Melissa Crouch (Melbourne Law School) has posted Criminal (In)Justice in Indonesia: The Cikeusik Trials. The abstract follows.
This article examines the recent court trials of the twelve men who were implicated in the brutal killing of three Ahmadis, and of injuring several others, in a demonstration against Ahmadiyah in Cikeusik in 2011. It calls into question the integrity of the criminal justice system, and argues that the government must take a firm stance against the perpetrators of vigilante violence by ensuring fair and impartial trials in criminal cases concerning religious intolerance, rather than criminalising the activities of religious minorities.
This story reports the critical comments of Thorbjorn Jagland, the Secretary General of the Council of Europe, with respect to Hungary’s comparatively restrictive policies on official recognition of religious organizations. According to the story, official status grants the religious institution certain benefits, including various subsidies and tax advantages. The new law reduced the number of officially recognized religions from 350 to 32, and there have been criticisms that it is insufficiently accommodating of religious liberty. Something headed to the ECtHR.?
This year, the University of Notre Dame Press will publish, The Maryknoll Catholic Mission in Peru: 1943–1989, by Susan Fitzpatrick-Behrens, associate professor in history at California State University, Northridge. Fitzpatrick-Behrens’ text explores Maryknoll Catholic missionaries’ combined religious and political efforts in Peru—particularly, efforts guided by the Vatican’s preferential option for the poor. This same movement gave rise to the incomparable and seminal work, A Theology of Liberation, by Peruvian priest and theologian Gustavo Gutiérrez—the foundational text of Catholic liberation theology and its non-Catholic offshoots (for example, the work of Rev. Dr. James H. Cone in the United States). Please see the publisher’s description after the jump. Read more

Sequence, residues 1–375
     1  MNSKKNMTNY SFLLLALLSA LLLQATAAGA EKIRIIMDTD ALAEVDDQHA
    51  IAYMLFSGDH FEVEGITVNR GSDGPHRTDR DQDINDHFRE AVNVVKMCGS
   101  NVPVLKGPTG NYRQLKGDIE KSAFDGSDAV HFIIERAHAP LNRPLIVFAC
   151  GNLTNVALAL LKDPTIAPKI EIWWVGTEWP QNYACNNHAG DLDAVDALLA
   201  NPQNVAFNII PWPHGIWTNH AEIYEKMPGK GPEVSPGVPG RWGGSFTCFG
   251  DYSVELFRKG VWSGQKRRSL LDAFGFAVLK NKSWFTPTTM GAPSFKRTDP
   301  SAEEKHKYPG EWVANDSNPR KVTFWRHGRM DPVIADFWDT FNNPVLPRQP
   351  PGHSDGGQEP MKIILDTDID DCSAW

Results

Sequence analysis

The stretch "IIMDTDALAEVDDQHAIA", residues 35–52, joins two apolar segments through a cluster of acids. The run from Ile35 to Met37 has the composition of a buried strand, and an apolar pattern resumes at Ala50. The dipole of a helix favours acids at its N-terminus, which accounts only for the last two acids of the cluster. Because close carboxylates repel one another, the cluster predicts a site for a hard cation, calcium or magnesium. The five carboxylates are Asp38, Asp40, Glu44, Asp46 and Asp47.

Michael Heise (Cornell Law School) and Gregory C. Sisk (University of St. Thomas School of Law) have posted Free Exercise of Religion Before the Bench: Empirical Evidence from the Federal Courts. The abstract follows.
We analyze various factors that influence judicial decisions in cases involving Free Exercise Clause or religious accommodation claims and decided by lower federal courts. Religious liberty claims, including those moored in the Free Exercise Clause, typically generate particularly difficult questions about how best to structure the sometimes contentious relation between the religious faithful and the sovereign government. Such difficult questions arise frequently in and are often framed by litigation. Our analyses include all digested Free Exercise and religious accommodation claim decisions by federal court of appeals and district court judges from 1996 through 2005. As it relates to one key extra-judicial factor — judicial ideology — our main finding is that judicial ideology did not correlate with case outcomes. While judicial ideology did not emerge as a significant influence in the Free Exercise context, however, other variables did. Notably, Muslim claimants fared poorly, cases involving exemption from anti-discrimination laws were significantly more likely to result in pro-accommodation rulings, and Asian and Latino judges as well as judges who were former law professors were particularly amenable to Free Exercise and accommodation claims. On balance, our results paint a more complex and nuanced picture of how extra-judicial factors inform Free Exercise and accommodation litigation outcomes as well as judicial decision making more generally.